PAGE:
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written by Constance Morgenstern
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Study for "Song of John"

I've always especially liked the Gospel of John.  From a song-writer’s point of view, John records some of the best metaphors about Christ: “I am the bread.”   “I am the Good Shepherd.” ... It's captivating and poetic.

There is also a subtle, personal intrigue: How does a man—
the disciple John himself—go from being a “son of thunder” (Mark 3:17) to being “the disciple Jesus loved” and the very one to whom Christ entrusts his mother’s future care? (See John 19:25-27.)

Before John encounters Jesus, he and his brother James—
along with their father Zebedee and Simon Peter—are fishermen on the Sea of Galilee.  Luke 5:1-11 tells how, at Christ’s command, Peter lets down his fishing nets, again, after repeated failures all night.  Suddenly, his nets are so full of fish that his nets are breaking! He calls for another boat of fishermen to help with this, but even then, the boats are overloaded. Overwhelmed, and hearing Jesus’ offer that they now begin to catch men, these first disciples leave their boats and nets to immediately follow Jesus.

Among the disciples, John becomes especially close to Christ.  There are occasions—such as Jesus’ prayerful time in the Garden of Gethsemane—where Jesus includes only a few of the twelve disciples.  John was one of the few.  And, at the Last Supper, John is the one next to Jesus, whom Peter puts up to asking Jesus which one of them will betray Him (John 13:21-30).

Jesus cared for John, no doubt.  But Jesus is also the one who described John and James as “sons of thunder” (remember Mark 3:17).  Did Christ mean that they were loud?  Forceful?  Scary?  I agree with others in suspecting that they were ambitious, attracted partly by the power Jesus displayed.

One time, John wants to stop another man from driving out demons because the man is not part of the disciples, not “one of them” (Luke 9:49-50).  Another time, James and John want to call down a vengeful fire on a village that doesn’t welcome them and Jesus (Luke 9:51-54).

The gospels of Matthew, Mark, and Luke all record squabbles among the disciples as to who would be the greatest in the kingdom of Heaven.  Mark 10:35-45 even tells, specifically, how John and James wanted the prime places in Heaven at Jesus’ right and left-hand!

The Gospel of John itself makes me think that John may have been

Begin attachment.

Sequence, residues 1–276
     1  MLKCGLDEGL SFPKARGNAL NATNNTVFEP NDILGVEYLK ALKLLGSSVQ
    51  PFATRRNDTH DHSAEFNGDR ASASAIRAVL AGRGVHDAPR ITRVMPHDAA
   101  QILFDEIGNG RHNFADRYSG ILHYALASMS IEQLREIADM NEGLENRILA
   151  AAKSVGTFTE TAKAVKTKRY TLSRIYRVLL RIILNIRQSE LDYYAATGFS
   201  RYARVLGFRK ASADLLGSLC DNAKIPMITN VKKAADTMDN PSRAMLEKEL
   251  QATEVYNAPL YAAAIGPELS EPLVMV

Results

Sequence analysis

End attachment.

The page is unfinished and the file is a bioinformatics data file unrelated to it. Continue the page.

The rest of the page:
especially interested in power.  While all the gospels tell the story of the feeding of the 5,000, only John’s telling (John 6:1-15) adds how the satisfied crowd wanted to make Jesus their king—by force if necessary—and how Jesus quietly slipped away. Someone interested in power would notice Jesus’ remarkable move.

The foot-washing at the Last Supper (John 13:1-17) is also an incident that only John records.  I believe that, for a man interested in power, the experience of Jesus washing his feet would be terribly, amazingly, humbling.

The Gospel of John is unique in other ways as well.  It is less of a reporting of Jesus’ life and ministry, and more a description of Jesus, told through incidents and metaphors.  It's as if John is saying, "Do you know who this IS?"

Because John was there for many of the incidents, however, he must sometimes write about himself—although he tries not to use the word “I."  Instead, he refers to himself as “the disciple whom Jesus loved” (as in John 13:23) or in other ways.  We know from the rest of the New Testament that John went on to be a leader in the early church, a lifelong evangelist for Christ and the power of love (see especially the letter of 1 John).  Perhaps, by the time he wrote his gospel, he felt that the most important thing about himself was, indeed, that Christ loved him.

As a writer, I know that the ending of a work is critically important.  And the Gospel of John ends in a strange way (John 21).  John tells how the Risen Christ appears to the disciples, unrecognized on the shore, as the disciples have gone back to fishing on the Sea of Galilee.  He calls to tell them to throw their nets on the other side of the boat, and they catch so many fish they can’t fully bring up the net.  John recognizes Christ through this, and when they excitedly meet Christ on the shore, the Lord feeds them bread and freshly cooked fish for breakfast.

Now, another interesting thing happens: Christ asks Peter three times over, “Do you love me?”  (This seems linked to Peter’s three denials of Christ just before the crucifixion.)  Then Christ says both "Feed my sheep" and “Follow me.”  Does this sound familiar?

It is as if the ministry is starting over again, fresh.  It is a another life-changing moment—a moment of recommissioning for Peter, of course—but I think also for John, because he has chosen these details to end his book.  John—a formerly ambitious man, who now finds power not in thrones, but in the powerful love of Christ.


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